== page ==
Action Unilever: a quality company with militant representation

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Poulssen

Unilever APIs (NYSE: UL) is navigating this inflationary environment quite well, trading at 13x EV/EBITDA or 19x forward earnings. It’s a stable, dividend-paying consumer staples company with an activist presence on the board (Nelson Peltz) that’s quite appealing to me in this market. Unilever is an odd beast in that it is not only strong in food with brands like Ola, Magnum and Hellman’s, but also a competitor in the health and personal care category. Its main brands here are Dove and Rexona. I mention this because it’s one of the reasons I feel pretty good about investing in Unilever at multiples that are somewhat average for the consumer staples space.

If I view Seeking Alpha peer stats, Unilever is getting competition Estee Lauder (EL), L’Oreal (OTCPK:LRLCF), Beiersdorf, Coty (COTY) and Shiseido (OTCPK:SSDOY). Placed in this peer group (see below), Unilever’s valuation immediately stands out:

Looking for a Health and Personal Care Alpha Rating

Looking for a Health and Personal Care Alpha Rating (Looking for Alpha)

Whereas if you compare Unilever to a more traditional field of consumer staples companies (see below):

consumer staples valuations

Basic consumption valuations (Looking for Alpha)

Unilever is valued at the industry median on forward P/E and EV/EBITDA. This is after a significant period of underperformance relative to this same sector:

Chart
UL given by Y-Charts

In 2017, Kraft Heinz (KHC) approached the company with a $143 billion takeover offer. In turn, Unilever attempted to acquire GSK’s consumer healthcare business for around $70 billion. The latter now trades as Haleon (HLN), with a market capitalization of around $30 billion.

Ultimately, Unilever abandoned plans for large-scale acquisitions, likely under pressure from several major shareholders. Instead, Unilever sold its tea division and acquired Nutrafol. Nutrafol is the #1 dermatologist recommended hair growth brand in the United States. The sequence of events is exemplary for the way Unilever appears to strategically pivot away from food and towards health. As the percentage of HPC increases and the perception of Unilever as a traditional core consumer changes, the market might start pricing it in a higher multiple.

At the same time, Peltz is likely pressuring the company to improve its margins (this is standard playbook for activists running into successful consumer staples companies that often have inflated cost structures) . Management indicated that this was a target in the last earnings call:

Looking beyond 2022, we expect to improve margin in 23 and 24 through pricing, mix, volume leverage and cost savings, and as market conditions improve. will normalize. And as I said before, we will not set a margin target. That concludes our prepared remarks. And with that, let me hand you over to Richard for Q&A.

If in the coming years margins improve and more revenue can be attributed to HPC, we could see a double whammy. The increased EPS is attributed to an enhanced multiple.

Analyst estimates are between $2.40 and $2.50. At a multiple of 18x (Unilever currently), that’s $43 per share (current share price ~$45). But at a multiple of 30x, it looks like $72. Analysts don’t expect much improvement or growth in margins, as current EPS is $2.37. Meanwhile, the company is running a $3 billion buyback program.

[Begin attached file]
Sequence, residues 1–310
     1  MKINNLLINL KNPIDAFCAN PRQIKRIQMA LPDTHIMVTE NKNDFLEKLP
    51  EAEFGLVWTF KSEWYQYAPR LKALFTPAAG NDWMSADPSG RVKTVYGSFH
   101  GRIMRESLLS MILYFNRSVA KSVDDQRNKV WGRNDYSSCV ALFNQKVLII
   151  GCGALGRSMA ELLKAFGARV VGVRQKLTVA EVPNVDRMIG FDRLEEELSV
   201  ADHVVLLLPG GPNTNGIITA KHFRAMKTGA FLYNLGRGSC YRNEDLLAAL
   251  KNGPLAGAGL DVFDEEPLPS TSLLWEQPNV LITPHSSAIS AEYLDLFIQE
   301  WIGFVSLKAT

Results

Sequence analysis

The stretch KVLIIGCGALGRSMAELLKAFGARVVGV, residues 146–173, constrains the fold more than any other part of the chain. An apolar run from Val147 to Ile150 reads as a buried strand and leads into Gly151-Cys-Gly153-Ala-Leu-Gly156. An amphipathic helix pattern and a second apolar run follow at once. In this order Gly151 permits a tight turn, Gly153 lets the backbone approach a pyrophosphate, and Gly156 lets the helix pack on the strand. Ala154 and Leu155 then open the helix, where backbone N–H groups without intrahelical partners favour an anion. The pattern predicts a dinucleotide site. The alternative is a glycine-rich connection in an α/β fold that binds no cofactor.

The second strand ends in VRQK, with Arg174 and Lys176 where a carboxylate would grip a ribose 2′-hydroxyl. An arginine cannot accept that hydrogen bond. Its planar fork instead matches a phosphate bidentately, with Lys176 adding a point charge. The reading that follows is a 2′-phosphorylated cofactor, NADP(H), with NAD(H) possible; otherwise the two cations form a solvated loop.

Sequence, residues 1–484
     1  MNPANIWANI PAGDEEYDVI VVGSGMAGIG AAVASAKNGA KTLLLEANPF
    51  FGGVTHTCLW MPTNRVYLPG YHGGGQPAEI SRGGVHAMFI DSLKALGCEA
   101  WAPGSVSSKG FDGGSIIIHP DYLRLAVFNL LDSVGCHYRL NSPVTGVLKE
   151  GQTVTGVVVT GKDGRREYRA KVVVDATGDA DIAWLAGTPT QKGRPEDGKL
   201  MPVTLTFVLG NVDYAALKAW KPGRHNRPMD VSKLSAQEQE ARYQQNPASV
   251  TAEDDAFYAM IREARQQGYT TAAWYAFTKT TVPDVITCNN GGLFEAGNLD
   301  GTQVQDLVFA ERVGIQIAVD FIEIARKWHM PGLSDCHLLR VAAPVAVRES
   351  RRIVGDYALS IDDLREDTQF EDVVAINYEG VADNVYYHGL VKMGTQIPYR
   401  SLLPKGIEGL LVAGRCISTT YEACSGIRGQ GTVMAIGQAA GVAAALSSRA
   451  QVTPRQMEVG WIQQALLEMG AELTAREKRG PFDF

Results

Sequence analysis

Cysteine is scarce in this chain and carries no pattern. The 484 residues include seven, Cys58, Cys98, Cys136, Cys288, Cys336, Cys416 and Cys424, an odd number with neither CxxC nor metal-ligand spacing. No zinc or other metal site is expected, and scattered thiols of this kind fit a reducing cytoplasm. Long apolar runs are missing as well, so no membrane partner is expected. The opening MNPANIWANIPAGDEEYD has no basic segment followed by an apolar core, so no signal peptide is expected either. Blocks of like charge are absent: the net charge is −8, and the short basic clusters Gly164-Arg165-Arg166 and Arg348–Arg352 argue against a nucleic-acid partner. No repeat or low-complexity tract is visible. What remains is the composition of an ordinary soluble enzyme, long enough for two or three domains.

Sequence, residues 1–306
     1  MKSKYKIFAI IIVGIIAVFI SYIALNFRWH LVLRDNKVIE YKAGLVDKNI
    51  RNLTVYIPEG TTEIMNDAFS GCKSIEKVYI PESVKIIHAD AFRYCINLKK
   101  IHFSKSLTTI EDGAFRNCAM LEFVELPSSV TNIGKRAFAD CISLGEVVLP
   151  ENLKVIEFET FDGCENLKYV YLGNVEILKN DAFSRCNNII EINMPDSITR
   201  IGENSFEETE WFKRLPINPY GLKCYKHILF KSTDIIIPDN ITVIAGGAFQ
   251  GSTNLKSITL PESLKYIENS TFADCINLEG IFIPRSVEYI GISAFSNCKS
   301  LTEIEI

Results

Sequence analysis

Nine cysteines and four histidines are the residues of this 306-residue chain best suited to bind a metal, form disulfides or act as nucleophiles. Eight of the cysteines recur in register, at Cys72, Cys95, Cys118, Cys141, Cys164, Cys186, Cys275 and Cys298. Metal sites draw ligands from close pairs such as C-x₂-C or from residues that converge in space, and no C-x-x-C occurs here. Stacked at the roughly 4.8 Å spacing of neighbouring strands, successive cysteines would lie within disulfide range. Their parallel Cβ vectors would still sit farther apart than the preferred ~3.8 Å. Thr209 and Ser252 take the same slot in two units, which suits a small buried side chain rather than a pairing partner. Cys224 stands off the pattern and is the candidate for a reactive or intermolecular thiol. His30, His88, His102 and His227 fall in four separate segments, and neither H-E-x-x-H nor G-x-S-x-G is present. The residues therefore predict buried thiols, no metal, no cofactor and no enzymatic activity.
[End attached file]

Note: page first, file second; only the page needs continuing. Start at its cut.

If inflation gets ugly, it could cause margins to deteriorate, but so far Unilever has been able to manage inflation reasonably well. The company has long been active in inflationary geographies like Turkey, South America, and even China. It has the systems in place to accelerate inflation. Management acknowledges that it suffers revenue losses because it leads on price, but argues that this is preferable to a sharp deterioration in margins. As competitors become better at adjusting to inflation, any loss of market share should diminish.

Conclusion

Unilever is executing an interesting strategy that could lead to a revaluation over time. Meanwhile, a successful activist with a track record of success in similar ventures (Nelson Peltz) is on the board. Analysts are pricing very weak EPS growth as the company repurchases $3 billion of stock, works on margins and reasonably manages inflation. The activist approach and the Kraft-Heinz approach suggest that it is possible to improve margins. The market has not liked Unilever’s GSK approach and is wary of management making a big bet-like big bet. It also seems less likely with Peltz on the board. Unilever’s valuation is very average for consumer staples.

In the meantime, it is halfway to becoming an HPC company. I like stocks around $46 as there seems to be good upside potential if things go well. If things don’t go so well, it’s still a defensive name and should continue to command a reasonable multiple. As Unilever restructures, it pays a large dividend. It’s not my first position, but I put money to work in the worst places in this market.

Editor’s Note: This article discusses one or more securities that do not trade on a major US exchange. Please be aware of the risks associated with these actions.

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